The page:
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Where Disabled Students Get Ready For Better, More Public Work

Debbie Holmes

At Greenleaf Community Work Habits Program, students watch an animated movie that helps them learn to handle their emotions.

“We’ve been through a lot lately that’s for sure, but we still love our girl. She has great new friends, a great new house. Things couldn’t be better.”

About a half dozen students started the program this fall. It’s geared for developmentally disabled people seeking opportunities outside of a workshop’s controlled environment. 

Under new federal guidelines, workshops for the developmentally disabled must be overhauled by 2019. For more than half a century, these workshops provided jobs and income for the disabled in a controlled environment. 

Today, the goal is to find more engaging work that get disabled workers out in the public. That takes more training - something that Greenleaf Community Work Habits Program is already doing.

Learning Public Work

Ninteen-year-old Aurora Hobden, a recent graduate of Upper Arlington High School, says she knows how emotions can get out of control.

“I’ve had meltdowns, breakdowns, and angry outbursts," Hobden says. "And what did you do then? It would usually blow over and then my parents would intervene and they would talk to me or something, depending on the situation. And then I would get better."

Hobden’s previous jobs included two community service organizations, where she measured ingredients for baked goods, checked food temperatures, packed meals  and swept the floor.

Now she’s learning new skills, including how to talk to co-workers. After up to a year of training, she wants to work in a department store. 

“It’s great," Hobden says about the program. "The lessons are very helpful and I have a lot of lovely, supportive coworkers."

Instructor Jessica Schollenberger says she understands some of the students operated under different expectations in the workshops.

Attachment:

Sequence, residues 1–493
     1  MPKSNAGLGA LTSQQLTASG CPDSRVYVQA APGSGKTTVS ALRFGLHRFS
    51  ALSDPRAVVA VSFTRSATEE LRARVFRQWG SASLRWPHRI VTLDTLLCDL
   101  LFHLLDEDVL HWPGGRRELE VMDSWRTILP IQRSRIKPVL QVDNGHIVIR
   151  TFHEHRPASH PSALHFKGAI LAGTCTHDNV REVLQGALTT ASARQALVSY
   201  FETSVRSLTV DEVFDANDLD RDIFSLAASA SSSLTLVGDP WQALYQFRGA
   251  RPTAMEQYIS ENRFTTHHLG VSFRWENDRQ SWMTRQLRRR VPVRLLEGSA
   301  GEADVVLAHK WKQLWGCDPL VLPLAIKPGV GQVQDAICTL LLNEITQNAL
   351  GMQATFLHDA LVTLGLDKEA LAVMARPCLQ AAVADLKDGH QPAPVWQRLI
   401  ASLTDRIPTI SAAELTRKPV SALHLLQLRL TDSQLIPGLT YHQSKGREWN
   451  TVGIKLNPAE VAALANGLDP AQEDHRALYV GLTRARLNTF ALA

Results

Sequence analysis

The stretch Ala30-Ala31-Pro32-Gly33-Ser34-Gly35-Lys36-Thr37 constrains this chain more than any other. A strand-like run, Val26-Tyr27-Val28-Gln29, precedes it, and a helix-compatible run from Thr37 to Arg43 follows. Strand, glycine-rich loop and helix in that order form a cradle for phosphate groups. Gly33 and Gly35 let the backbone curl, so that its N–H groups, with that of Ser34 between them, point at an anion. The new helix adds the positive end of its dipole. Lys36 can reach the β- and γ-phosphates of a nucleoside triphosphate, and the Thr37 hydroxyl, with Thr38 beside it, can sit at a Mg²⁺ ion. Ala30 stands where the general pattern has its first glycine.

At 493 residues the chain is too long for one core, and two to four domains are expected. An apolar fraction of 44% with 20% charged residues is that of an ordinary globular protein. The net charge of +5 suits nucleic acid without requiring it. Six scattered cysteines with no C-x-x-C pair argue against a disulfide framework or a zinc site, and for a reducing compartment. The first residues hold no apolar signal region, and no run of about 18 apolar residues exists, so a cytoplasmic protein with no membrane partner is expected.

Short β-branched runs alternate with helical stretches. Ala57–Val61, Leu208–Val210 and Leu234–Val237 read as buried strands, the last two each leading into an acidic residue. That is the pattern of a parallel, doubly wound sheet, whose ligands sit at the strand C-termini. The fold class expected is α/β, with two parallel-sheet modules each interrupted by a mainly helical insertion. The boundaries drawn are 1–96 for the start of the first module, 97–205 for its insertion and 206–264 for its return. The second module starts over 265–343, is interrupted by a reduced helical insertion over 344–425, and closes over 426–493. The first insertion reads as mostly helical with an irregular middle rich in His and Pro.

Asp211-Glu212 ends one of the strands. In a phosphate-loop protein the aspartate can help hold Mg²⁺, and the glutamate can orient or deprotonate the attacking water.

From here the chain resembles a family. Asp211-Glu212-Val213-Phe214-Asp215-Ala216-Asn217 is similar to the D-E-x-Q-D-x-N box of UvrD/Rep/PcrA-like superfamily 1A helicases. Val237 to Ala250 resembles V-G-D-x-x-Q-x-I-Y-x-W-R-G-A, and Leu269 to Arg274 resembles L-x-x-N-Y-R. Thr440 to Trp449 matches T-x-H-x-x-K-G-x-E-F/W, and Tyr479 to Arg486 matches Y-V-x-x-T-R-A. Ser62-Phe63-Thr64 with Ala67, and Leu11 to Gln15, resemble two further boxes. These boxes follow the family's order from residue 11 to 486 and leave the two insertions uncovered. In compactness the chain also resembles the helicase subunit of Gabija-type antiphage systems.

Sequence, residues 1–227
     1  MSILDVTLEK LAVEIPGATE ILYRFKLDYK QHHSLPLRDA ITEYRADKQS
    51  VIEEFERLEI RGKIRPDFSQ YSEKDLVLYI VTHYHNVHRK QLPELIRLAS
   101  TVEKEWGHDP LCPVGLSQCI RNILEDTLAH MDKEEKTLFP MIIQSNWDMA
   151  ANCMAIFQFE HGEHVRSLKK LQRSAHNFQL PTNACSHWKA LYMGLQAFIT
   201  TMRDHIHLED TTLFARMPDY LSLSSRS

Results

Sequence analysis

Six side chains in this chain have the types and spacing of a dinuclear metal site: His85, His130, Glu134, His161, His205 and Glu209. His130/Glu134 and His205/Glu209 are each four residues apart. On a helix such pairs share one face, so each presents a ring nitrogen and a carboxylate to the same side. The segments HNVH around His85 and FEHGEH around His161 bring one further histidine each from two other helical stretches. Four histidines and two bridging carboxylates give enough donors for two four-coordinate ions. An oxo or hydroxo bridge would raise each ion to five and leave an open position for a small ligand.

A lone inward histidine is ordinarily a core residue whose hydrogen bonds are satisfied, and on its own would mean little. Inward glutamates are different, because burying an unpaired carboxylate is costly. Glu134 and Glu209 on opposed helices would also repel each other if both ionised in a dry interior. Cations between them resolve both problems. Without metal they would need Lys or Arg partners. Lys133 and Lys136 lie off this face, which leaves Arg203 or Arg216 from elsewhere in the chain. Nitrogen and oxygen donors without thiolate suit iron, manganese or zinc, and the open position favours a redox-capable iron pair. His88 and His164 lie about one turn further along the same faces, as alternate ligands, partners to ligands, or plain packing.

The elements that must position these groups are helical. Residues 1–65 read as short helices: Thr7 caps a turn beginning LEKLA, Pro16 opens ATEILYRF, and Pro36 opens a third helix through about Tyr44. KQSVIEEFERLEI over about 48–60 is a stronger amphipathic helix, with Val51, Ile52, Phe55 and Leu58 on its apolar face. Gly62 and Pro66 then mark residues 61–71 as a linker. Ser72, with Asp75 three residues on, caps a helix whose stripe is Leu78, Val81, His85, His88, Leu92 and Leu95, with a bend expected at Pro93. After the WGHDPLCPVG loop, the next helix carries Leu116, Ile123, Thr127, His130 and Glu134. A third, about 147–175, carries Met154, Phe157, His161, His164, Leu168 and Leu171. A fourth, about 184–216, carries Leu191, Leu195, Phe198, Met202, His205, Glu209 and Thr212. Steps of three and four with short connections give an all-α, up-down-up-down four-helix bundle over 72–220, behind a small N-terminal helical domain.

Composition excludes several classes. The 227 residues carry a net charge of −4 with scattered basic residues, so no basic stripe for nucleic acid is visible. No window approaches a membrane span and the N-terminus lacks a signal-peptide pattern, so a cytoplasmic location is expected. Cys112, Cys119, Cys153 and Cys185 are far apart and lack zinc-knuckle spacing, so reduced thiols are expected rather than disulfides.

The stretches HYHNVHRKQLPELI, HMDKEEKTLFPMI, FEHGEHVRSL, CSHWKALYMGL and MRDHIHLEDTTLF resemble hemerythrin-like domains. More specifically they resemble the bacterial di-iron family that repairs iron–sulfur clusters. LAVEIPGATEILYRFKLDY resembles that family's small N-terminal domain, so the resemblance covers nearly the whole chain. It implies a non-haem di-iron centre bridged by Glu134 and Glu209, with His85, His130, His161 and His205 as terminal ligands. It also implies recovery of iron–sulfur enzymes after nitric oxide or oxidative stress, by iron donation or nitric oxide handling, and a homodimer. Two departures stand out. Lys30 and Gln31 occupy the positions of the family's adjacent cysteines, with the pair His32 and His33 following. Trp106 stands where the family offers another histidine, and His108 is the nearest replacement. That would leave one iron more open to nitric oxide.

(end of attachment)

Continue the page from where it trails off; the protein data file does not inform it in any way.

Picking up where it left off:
“Most of the group I work with either just are transitioning out of school, or some of them were in other sort of sheltered settings where behavior was acceptable in those places that isn’t acceptable out in the community,” Schollenberger says.

Credit Debbie Holmes

Getting Around

Jennifer Kuntz, founder of Greenleaf Job Training Services, says her mission for the past 21 years has been to help the disabled become independent and self-sufficient. 

“We are working with the individual, with the person and tapping into their current capabilities, finding those strengths," Kuntz says. "What is it that they are able to do, and then we partner up with businesses and we say, how can we help you to hire this person and make it something that is a benefit to the business?"

Students in the program also get outside of the classroom - they practice getting to their job on a city bus and talking with others they encounter.

“We might take a group of participants out on a bus, learning how to ride the bus and get them lost on purpose," Kuntz says. "They’re with a staff member so everything is safe, but we need to learn how to problem solve. It’s like, 'Oh my gosh, we got off at the wrong spot, now what do we do?'"

Ready For New Challenges

Franklin County officials say reports show disabled employees stay on the job with an 80 percent retention rate.

About 1,100 people in the county work in community-based employment settings like hospitals or restaurants. That’s compared to 812 who participate in the more sheltered workshops.

“I’m a really nice person, and also I like this place,” says 20-year-old Demetrius Magwood.

Magwood worked at a grocery store pushing carts. He says now he’s ready to handle more work challenges.     

“Not all the jobs will meet our job skills," Magwood says. "Like sometimes you’ve got to deal with the job, even if somebody is getting on your nerves.  You’ve got to learn to ignore that person."

Jed Morison, superintendent of the Franklin County Board of Developmental Disabilities, says while the focus is on jobs outside of workshops, it’s not a "one size fits all" approach.

“You’re still going to need different options depending on people’s individual needs, whether they’re medical needs or behavioral challenges or levels of functioning," Morison says. "But certainly the goal is to try to help get people out into the community wherever possible, wherever realistic."

Debbie Holmes has worked at WOSU News since 2009. She has hosted All Things Considered, since May 2021. Prior to that she was the host of Morning Edition and a reporter.